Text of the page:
What do I like doing? I like writing and reading about science. I like speaking in public, whether it is a classroom or a conference. Yes, it might be a sign of narcissism, still it can be used to a good purpose. I like travelling in moderate doses. Looks like I am made for being a science writer and a science speaker. It looks some sort of intermediate goal, bridging from my short-term, scheduled achievements into the long-term, unscheduled ones. I do write regularly, especially on my blog. I speak regularly in classrooms, as my basic job is that of an academic teacher. What I do haphazardly, and what could bring me closer to achieving my long-term goals, would be to speak in other public contexts more frequently and sort of regularly, and, of course, make money on it. By the way, as science writing and science speaking is concerned, I have a crazy idea: scientific stand up. I am deeply fascinated with the art of some stand up comedians: Bill Burr, Gabriel Iglesias, Joe Rogan, Kevin Hart or Dave Chapelle. Getting across deep, philosophical content about human condition in the form of jokes, and make people laugh when thinking about those things, is an art I admire, and I would like to translate it somehow into the world of science. The problem is that I don’t know how. I have never done any acting in my life, never have written nor participated in writing any jokes for stand-up comedy. As skillsets come, this is a complete terra incognita to me.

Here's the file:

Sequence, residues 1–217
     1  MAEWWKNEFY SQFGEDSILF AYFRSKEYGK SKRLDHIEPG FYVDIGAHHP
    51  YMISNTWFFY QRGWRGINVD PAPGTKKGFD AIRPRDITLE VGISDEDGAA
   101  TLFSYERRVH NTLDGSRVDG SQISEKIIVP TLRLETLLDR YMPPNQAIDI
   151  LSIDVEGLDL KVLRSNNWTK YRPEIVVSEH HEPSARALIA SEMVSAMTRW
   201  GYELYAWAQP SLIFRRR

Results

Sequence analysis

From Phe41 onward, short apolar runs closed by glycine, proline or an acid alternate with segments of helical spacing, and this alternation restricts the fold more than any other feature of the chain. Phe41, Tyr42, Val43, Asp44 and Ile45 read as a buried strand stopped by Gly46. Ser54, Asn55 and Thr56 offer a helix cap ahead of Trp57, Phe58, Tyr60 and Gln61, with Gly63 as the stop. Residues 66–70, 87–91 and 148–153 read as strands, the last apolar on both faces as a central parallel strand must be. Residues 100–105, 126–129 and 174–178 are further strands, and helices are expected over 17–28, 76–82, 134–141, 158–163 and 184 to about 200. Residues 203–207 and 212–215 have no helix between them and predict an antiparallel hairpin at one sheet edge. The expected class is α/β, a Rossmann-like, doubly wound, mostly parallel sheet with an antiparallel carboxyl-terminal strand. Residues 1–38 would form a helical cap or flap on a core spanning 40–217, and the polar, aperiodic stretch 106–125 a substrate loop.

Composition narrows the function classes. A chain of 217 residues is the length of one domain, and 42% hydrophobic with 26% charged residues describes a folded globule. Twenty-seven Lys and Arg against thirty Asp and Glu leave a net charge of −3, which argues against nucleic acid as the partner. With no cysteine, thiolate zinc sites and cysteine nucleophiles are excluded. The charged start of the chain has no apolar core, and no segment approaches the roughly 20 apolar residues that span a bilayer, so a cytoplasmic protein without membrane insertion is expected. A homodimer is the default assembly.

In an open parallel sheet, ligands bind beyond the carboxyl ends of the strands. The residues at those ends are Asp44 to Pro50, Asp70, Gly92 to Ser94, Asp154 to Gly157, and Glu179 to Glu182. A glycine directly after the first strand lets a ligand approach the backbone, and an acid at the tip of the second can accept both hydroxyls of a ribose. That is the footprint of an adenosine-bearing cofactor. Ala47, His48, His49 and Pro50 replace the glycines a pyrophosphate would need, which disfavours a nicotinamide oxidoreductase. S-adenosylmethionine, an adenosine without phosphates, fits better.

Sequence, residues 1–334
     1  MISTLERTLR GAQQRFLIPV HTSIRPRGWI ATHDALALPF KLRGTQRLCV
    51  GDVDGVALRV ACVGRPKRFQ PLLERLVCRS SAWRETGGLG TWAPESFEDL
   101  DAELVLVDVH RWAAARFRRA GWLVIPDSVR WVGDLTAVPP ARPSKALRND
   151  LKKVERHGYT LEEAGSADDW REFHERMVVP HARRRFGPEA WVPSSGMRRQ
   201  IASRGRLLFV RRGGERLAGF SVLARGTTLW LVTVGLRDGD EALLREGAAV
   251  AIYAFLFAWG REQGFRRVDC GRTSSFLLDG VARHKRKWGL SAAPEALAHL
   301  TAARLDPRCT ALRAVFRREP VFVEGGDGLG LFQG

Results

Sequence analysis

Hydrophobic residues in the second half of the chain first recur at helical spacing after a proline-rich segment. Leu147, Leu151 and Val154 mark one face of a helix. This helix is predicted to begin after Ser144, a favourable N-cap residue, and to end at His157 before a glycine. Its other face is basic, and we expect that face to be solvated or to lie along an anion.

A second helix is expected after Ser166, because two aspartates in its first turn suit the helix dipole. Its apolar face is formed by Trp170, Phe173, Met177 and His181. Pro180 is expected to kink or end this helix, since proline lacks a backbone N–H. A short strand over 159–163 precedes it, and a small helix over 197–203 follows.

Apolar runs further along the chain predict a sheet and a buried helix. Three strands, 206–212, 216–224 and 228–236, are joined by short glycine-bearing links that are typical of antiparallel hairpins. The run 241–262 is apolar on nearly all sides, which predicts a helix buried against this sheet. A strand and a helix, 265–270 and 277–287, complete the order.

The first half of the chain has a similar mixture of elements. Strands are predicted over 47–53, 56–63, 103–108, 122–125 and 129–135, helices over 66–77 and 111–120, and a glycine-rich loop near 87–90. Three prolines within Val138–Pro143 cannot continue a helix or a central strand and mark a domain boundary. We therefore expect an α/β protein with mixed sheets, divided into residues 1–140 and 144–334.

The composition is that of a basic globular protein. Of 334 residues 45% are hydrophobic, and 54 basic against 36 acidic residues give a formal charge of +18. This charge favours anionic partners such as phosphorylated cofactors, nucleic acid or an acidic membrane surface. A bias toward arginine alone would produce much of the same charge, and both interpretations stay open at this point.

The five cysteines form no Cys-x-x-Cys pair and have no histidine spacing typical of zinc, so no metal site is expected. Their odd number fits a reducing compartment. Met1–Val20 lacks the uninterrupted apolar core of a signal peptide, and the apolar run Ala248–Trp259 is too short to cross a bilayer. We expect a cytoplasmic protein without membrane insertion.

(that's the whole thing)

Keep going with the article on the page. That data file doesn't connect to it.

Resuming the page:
Now, I jump to the timeline. I assume having those 24 years or so ahead of me. What then, I mean when I hopefully reach 75 years of age. Now, I can shock some of my readers, but provisionally I label that moment in 24 years from now as “the decision whether I should die”. Those last years, I have been asking myself how I would like to die. The question might seem stupid: nobody likes dying. Still, I have been asking myself this question. I am going into deep existential ranting, but I think what I think: when I compare my life with some accounts in historical books, there is one striking difference. When I read letters and memoirs of people from the 17th or 18th century, even from the beginnings of the 20th century, those ancestors of ours tended to ask themselves how worthy their life should be and how worthy their death should come. We tend to ask, most of all, how long will we live. When I think about it, that old attitude makes more sense. In the perspective of decades, planning for maxing out on existential value is much more rational than trying to max out on life expectancy as such. I guess we can have much more control over the values we pursue than the duration of our life. I know that what I am going to say might sound horribly pretentious, but I think I would like to die like a Viking. I mean, not necessarily trying to kill somebody, just dying by choice, whilst still having the strength to do something important, and doing those important things. What I am really afraid of is slow death by instalments, when my flame dies out progressively, leaving me just weaker and weaker every month, whilst burdening other people with taking care of me.